Grasses Commonly Affected

All types of warm-season or cool-season lawn grasses grown in South Carolina can be affected by large patch or brown patch, respectively. Unfortunately, there are currently no turfgrass species entirely resistant to these diseases available.

Brown patch is the most common and important disease of tall fescue in the Southeast. In most cases, affected areas of mature turfgrass are able to recover, but tall fescue lawns less than a year old can be killed. Kentucky-31 tall fescue, which was once a more commonly planted turfgrass for home lawns, has more resistance to brown patch than all turfgrass tall fescue cultivars. Large patch is the most common disease affecting centipedegrass, although all warm-season turfgrasses are susceptible.

Prevention & Treatment

The best way to prevent brown patch or large patch in the home lawn is by following good lawn care practices. This is much easier and less expensive than the use of fungicides and can be very effective.

  • Avoid high rates of nitrogen fertilizer on cool-season grasses in the late spring and summer. Avoid high nitrogen rates on warm-season grasses in mid-to-late fall or early spring before the lawn fully greens up. The disease-causing fungus readily attacks the lush growth of grass, which nitrogen promotes. Avoid fast-release forms of nitrogen fertilizer.
  • Irrigate grass only when needed and to a depth of 4 to 6 inches (generally 1 inch of irrigation water per week), but do not subject the lawn to drought conditions. Water the lawn early in the morning. This disease can spread fast when free moisture is present, especially greater than 10 hours of continuous leaf wetness. For more information on irrigation, please see HGIC 1207, Watering Lawns.
  • Avoid spreading the disease to other areas. Remove clippings if the weather is warm and moist to prevent spread to other areas during mowing. Mow the lawn after the morning dew has dried and mow the diseased areas last.
  • Keep lawns mowed on a regular basis and to the proper height for the turfgrass species. Mowing the lawn lower than the optimum mowing height can increase disease severity, as can mowing too high, which slows the leaf drying time. Do not mow fescue lawns shorter than 2½ inches high, nor higher than 3½ inches. Mow centipede at 1½ to 2 inches high. For more information on turfgrass mowing heights, please see HGIC 1205, Mowing Lawns.
  • Provide good drainage for both surface and subsurface areas. Correct soil compaction by core aeration. Prevent excessive thatch buildup. For more information on aeration and dethatching lawns, please see HGIC 1200, Aerating Lawns, and HGIC 2360, Controlling Thatch in Lawns.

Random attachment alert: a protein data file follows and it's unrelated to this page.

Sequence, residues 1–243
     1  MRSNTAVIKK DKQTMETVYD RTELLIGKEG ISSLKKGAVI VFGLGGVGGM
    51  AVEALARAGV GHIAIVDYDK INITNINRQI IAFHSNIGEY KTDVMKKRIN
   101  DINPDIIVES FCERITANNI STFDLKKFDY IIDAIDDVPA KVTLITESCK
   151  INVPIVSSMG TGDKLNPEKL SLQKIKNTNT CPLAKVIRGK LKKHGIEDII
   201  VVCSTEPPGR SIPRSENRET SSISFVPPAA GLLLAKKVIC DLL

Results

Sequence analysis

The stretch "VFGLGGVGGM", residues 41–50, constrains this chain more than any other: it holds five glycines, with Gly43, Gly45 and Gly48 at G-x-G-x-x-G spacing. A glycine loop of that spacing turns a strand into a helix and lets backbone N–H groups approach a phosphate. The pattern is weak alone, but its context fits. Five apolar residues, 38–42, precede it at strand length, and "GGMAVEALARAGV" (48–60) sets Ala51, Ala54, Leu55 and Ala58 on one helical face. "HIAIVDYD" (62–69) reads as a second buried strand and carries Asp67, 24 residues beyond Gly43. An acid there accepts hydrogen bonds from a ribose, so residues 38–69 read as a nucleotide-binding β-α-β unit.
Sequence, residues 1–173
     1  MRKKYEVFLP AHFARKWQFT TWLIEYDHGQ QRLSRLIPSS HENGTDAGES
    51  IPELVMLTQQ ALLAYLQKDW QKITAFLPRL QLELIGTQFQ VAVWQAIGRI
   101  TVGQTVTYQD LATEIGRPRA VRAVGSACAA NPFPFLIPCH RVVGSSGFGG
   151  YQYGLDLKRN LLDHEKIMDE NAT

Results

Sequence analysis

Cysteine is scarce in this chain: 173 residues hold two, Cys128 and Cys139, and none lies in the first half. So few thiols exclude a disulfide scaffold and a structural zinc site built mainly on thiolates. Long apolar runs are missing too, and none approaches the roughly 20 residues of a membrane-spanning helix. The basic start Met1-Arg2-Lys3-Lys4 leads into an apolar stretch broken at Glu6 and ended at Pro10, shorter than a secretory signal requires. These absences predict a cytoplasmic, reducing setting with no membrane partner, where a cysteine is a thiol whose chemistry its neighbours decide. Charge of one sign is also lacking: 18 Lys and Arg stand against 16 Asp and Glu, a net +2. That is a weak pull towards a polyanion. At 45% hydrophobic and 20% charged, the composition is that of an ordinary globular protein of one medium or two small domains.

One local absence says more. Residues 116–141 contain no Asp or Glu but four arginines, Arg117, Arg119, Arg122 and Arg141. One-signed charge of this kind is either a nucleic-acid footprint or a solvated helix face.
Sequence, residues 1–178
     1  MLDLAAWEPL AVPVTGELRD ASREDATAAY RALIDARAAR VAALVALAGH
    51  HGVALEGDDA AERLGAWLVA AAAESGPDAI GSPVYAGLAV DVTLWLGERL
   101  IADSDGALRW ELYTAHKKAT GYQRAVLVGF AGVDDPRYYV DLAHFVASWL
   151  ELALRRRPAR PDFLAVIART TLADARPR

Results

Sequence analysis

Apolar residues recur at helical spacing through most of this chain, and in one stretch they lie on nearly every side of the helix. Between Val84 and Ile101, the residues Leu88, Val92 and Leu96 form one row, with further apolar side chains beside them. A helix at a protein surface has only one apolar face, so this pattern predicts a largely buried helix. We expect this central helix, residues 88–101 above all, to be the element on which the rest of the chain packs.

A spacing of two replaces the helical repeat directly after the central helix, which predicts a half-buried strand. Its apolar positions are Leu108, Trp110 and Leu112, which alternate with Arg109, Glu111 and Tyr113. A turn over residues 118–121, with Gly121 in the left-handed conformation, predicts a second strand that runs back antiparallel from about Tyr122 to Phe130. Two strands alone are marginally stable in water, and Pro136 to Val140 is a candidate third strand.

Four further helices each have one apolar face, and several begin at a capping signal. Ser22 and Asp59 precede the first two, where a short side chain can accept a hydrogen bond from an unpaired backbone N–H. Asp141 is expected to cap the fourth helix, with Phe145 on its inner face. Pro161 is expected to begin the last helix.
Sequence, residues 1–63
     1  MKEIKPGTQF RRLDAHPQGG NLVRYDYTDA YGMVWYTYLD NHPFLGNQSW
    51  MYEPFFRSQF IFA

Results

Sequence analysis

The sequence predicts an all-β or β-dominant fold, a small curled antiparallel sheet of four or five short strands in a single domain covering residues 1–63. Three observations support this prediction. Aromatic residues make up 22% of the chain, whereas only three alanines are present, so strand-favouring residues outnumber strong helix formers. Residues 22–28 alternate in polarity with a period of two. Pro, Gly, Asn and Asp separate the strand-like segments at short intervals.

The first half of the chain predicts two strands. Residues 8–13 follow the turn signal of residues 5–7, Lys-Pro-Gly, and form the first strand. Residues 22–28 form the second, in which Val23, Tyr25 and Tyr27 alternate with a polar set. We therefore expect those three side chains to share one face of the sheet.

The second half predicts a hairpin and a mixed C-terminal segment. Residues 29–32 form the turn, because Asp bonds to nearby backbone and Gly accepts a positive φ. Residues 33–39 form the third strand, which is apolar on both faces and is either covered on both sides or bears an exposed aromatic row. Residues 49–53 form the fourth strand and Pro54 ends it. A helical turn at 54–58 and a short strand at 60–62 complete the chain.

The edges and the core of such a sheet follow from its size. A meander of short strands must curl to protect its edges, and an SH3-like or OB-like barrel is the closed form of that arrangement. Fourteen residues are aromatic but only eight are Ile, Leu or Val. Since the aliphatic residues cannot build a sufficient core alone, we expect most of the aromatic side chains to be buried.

• Have the soil tested and apply fertilizer and lime according to soil test recommendations. Disease may be more severe if the soil pH is less than 6.0 (except for centipedegrass). Keep the soil potassium (K) and calcium (Ca) levels at the upper end of the “sufficient” ratings on soil tests. For more information on having the lawn soil tested, please see HGIC 1652, Soil Testing.

Fungicides can be difficult to rely upon for controlling brown patch and large patch in the home lawn, but regular applications can vastly improve the lawn appearance.

Preventatively, fungicides should be applied to turfgrass tall fescue in the spring and early summer. Frequently brown patch symptoms become obvious around the first week of May in the Upstate. Curative treatments may need to be made regularly during the summer if rainfall is frequent.

Warm season turfgrasses also require fungicide treatments in the spring but are especially important in the fall for best disease control. Although the large patch fungus is active in the cooler weather of fall, symptoms usually are more prominent in the spring as the warm season turfgrasses are greening up. Make the first application on warm season turfgrasses in early October for the fall and repeat the application approximately 2 to 4 weeks later, but before the turfgrass goes dormant. Re-apply a fungicide treatment in April for the spring application.